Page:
This week we’re looking at the ways that ghostly and ghastly tales evolve—shifting shape, but never quite dying out. Previously: the afterlife of Detroit’s little red demon, and how Demogorgon went from scribal error to “Stranger Things.”

In 1666, a year that some might consider spooky, a 16-volume collection of scary stories came out in Japan, called the Otogibōko. One story concerns a monk named Sōgen, who lived in the temple of Mibu-dera in southern Kyoto. Sōgen was a lackluster monk, frequently stealing money and precious oil intended to be an offering to the gods. Sōgen died unpunished, but the gods knew of his crimes, so they gave him the cruel, celestially righteous punishment of spending eternity as a floating head in a fireball.

Sōgen-bi is one of the ghoulish creatures in Japanese folklore known as yōkai, or demons. Yōkai take many other bizarre forms, such as Waniguchi, shrine bells with reptilian bodies, and Kasa-obake, umbrellas with one eye and one leg. The creatures gained mainstream notoriety during Japan’s Edo period (1603–1868), when art and literature became available to and produced for the masses, says Rebekah Harmon, author of The scholar and artist Toriyama Sekien cemented the vast canon of yōkai in The Illustrated Night Parade of One Hundred Demons, which depicts the disgruntled head of Sōgen-bi wobbling in the air above a meandering stream.

Sōgen-bi, which translates to “Sōgen-fire,” is one of many fireball yōkai. They’re so common that they form their own distinct category: hi-no-tama, which translates to “orbs of fire.” Under the umbrella of hi-no-tama, there are even more subcategories, including onibi, which refers to strange blue lights that appear at sites of battle; kitsunebi, which refers to any fire created by magical foxes; and hitodama, which encompass the “benign manifestation of human souls,” Harmon says. Sōgen-bi falls in the last camp.

Sōgen-bi, from Toriyama Sekien's <em>The Illustrated Night Parade of One Hundred Demons</em>.
Sōgen-bi, from Toriyama Sekien’s The Illustrated Night Parade of One Hundred Demons. Public Domain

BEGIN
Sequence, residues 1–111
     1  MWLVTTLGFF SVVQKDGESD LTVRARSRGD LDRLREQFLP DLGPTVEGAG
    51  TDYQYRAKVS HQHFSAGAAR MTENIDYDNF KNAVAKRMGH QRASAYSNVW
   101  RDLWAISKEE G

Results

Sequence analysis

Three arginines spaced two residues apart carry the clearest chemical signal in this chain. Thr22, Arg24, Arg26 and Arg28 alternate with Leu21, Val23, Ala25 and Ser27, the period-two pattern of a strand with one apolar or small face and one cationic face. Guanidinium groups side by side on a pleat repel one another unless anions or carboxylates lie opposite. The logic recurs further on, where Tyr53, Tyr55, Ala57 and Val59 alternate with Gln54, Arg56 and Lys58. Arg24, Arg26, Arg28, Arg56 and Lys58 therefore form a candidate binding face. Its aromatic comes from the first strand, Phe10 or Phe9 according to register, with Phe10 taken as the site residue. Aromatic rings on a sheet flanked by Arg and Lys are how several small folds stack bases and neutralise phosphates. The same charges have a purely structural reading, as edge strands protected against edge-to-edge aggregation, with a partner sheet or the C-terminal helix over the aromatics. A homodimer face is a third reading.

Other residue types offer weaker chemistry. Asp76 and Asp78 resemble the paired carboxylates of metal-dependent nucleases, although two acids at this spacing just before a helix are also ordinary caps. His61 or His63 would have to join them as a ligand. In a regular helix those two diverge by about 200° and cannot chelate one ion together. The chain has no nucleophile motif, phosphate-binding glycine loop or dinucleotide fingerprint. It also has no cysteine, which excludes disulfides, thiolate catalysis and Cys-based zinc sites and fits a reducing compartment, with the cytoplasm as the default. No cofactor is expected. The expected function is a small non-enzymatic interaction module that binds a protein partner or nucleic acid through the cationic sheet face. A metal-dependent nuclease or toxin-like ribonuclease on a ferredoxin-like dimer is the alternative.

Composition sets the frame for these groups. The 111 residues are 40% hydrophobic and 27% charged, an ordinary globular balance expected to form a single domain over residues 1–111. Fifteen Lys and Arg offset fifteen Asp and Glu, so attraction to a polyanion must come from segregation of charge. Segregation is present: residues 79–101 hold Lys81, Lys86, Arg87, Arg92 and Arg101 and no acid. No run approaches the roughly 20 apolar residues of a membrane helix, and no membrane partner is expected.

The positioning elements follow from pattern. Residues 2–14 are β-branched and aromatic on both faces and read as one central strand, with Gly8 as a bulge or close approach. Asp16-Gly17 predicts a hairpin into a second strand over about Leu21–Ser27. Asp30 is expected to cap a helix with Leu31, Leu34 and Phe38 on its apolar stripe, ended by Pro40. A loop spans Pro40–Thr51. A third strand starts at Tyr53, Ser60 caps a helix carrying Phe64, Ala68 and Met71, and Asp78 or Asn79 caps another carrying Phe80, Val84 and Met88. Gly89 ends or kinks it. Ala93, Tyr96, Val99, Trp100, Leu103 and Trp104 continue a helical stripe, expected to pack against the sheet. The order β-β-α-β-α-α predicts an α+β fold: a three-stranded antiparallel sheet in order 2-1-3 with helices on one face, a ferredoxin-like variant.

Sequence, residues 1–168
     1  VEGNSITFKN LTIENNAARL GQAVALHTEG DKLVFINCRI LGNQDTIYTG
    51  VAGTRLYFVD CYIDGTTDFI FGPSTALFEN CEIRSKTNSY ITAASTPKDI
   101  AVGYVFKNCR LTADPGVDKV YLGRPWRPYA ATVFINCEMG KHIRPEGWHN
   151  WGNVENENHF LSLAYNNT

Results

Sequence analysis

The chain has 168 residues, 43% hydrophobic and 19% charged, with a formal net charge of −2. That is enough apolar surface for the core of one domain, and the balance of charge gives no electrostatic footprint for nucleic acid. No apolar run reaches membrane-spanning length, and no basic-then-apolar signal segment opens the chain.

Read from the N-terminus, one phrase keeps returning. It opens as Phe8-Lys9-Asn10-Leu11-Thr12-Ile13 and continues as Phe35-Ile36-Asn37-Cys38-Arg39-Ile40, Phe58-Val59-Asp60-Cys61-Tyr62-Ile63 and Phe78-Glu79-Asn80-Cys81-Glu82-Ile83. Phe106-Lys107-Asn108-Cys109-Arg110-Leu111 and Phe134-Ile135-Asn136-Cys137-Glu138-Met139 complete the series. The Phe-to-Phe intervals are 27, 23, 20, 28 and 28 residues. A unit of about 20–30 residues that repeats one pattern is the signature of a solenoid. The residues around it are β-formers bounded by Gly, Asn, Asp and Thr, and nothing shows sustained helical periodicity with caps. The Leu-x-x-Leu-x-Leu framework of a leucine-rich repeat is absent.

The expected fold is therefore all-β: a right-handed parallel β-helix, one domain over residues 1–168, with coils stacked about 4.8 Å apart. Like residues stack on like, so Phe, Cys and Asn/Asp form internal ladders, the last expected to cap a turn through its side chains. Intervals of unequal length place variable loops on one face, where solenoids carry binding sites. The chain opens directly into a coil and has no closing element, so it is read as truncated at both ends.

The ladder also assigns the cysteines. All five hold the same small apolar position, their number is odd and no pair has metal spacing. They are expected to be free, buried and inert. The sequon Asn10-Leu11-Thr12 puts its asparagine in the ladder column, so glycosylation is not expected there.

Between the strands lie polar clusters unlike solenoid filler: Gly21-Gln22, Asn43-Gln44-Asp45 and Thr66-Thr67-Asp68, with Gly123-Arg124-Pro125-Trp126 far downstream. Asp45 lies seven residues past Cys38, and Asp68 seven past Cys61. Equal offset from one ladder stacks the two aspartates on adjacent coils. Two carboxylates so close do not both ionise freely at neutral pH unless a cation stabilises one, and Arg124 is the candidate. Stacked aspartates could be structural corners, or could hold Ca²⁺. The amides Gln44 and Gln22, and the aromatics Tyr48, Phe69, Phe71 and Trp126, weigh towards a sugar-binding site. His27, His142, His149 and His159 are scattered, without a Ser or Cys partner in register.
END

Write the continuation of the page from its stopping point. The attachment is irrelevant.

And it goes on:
Though Hitodama is written using the kanji for “human souls,” they are not ghosts. “Hitodama are actually more of a generic supernatural phenomena that’s associated with graveyards and haunted places and spooky situations in Japanese folklore,” Hiroko Yoda, who translated Sekien’s yōkai encyclopedia with Matt Alt, writes in an email. “Although they’re found in the same sorts of places, the big difference between them and ghosts are that hitodama generally don’t have their own stories or personalities.”

The Illustrated Night Parade of One Hundred Demons catalogs a plethora of ghostly fires, including Sōgen-bi, Chōchin-bi (lantern fire), Shiranui (unknown fire), and Kosenjō-no-hi (old battleground fire), Yoda says. Harmon believes that Sōgen-bi is a much more recent legend than other examples of hi-no-tama, a cautionary supernatural tale that was imported with Buddhism. “Punishment in the afterlife for one’s sins was not an indigenous belief in Japan,” she says, adding that people only came back as restless spirits if they died of betrayal or violence, or if their relatives did not perform the appropriate burial rites.

Unlike more corporeal yōkai, which seem to have no origin in the real world, hitodama likely originated as a way to explain will-o-the-wisps and other mysterious, naturally-occuring lights. “There’s one called Aosagi-no-hi (Heron-fire) that is a glowing great blue heron,” Yoda says, adding that England has a similar heron spirit that likely originated in a spooklight.

Gastly. The Pokémon Company International

Today, the digital descendants of yōkai can be spotted in many games, particularly in the world of Pokémon. “I don’t believe it’s ever been directly addressed by the creators, but fans have always made a lot of connections between the Pokémon and yōkai,” says Michael Goldstein, who wrote The Yōkai Character Collection. Fans frequently connect the Pokémon Gastly, which resembles a face floating in a ball of purple fire, to Sōgen-bi and other hitodama. “Gastly’s Japanese name is Ghos, which is obviously taken from ‘ghost,’” Yoda says. He thinks that Pokémon probably references hitodama in general, rather than Sōgen-bi in particular.

Other examples abound. Bloggers recognize the Shiftry, a Pokémon that resembles a maned animal with leaves for hands, as a modern-day version of tengu yōkai, a heavenly dog that wields magical fans made of leaves. The most explicit example of this connection may be Froslass, an Ice/Ghost-type Pokémon that seems to be an incarnation of the yōkai Yuki-Onna, a beautiful woman who appears in the snow and preys on lost travelers. In the game, a Pokédex entry for Frosslass reads: “Legends in snowy regions say that a woman who was lost on an icy mountain was reborn as FROSLASS.” And the official Yu-Gi-Oh! trading card game includes a monster card called the “Hinotama Soul,” which speaks for itself.

The Yuki-onna from <em>Bakemono no e</em>, an Edo-era Japanese handscroll depicting Japanese yōkai.
The Yuki-onna from Bakemono no e, an Edo-era Japanese handscroll depicting Japanese yōkai. Brigham Young University/CC by 4.0

According to Harmon, other Yōkai live on in Nintendo’s video games. Consider the tale of the mountain hag Yama-uba. “In old stories, her body turns into gold and fine silks after she is killed,” she says. “Allegedly, this was the inspiration that led to defeated enemies turning into coins.” For those playing Mario Party anywhere near Kyoto, be grateful that Sōgen-bi no longer has hands—otherwise he might come for your coins.

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